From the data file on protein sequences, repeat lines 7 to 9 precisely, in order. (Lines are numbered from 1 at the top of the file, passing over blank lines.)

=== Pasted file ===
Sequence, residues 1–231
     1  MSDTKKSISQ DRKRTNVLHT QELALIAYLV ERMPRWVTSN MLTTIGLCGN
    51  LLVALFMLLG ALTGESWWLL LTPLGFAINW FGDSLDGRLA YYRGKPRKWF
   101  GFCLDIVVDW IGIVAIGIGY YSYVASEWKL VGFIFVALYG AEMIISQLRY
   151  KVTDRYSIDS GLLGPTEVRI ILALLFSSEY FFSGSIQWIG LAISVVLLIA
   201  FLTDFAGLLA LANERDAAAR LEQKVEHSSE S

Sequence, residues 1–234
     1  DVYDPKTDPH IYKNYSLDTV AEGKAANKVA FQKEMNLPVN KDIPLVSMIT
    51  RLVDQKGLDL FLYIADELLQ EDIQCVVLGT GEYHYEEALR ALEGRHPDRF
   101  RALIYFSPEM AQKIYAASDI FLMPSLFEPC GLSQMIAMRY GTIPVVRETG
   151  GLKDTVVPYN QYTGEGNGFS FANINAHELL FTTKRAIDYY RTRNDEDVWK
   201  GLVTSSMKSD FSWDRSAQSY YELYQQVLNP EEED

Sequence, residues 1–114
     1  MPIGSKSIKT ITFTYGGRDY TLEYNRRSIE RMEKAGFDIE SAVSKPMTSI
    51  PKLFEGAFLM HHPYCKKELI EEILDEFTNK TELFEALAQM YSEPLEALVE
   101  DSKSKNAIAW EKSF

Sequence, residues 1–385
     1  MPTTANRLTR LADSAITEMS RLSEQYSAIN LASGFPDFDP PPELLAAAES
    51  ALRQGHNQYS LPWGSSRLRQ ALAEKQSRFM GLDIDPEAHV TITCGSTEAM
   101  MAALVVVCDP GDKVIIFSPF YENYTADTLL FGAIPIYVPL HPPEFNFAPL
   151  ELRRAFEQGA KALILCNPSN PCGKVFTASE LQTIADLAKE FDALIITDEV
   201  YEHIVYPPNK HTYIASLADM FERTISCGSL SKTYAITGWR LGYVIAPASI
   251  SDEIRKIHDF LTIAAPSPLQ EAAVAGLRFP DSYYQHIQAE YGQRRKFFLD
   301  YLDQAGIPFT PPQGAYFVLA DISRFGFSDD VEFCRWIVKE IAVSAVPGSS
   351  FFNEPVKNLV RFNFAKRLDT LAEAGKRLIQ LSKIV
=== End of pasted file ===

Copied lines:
Sequence, residues 1–234
     1  DVYDPKTDPH IYKNYSLDTV AEGKAANKVA FQKEMNLPVN KDIPLVSMIT
    51  RLVDQKGLDL FLYIADELLQ EDIQCVVLGT GEYHYEEALR ALEGRHPDRF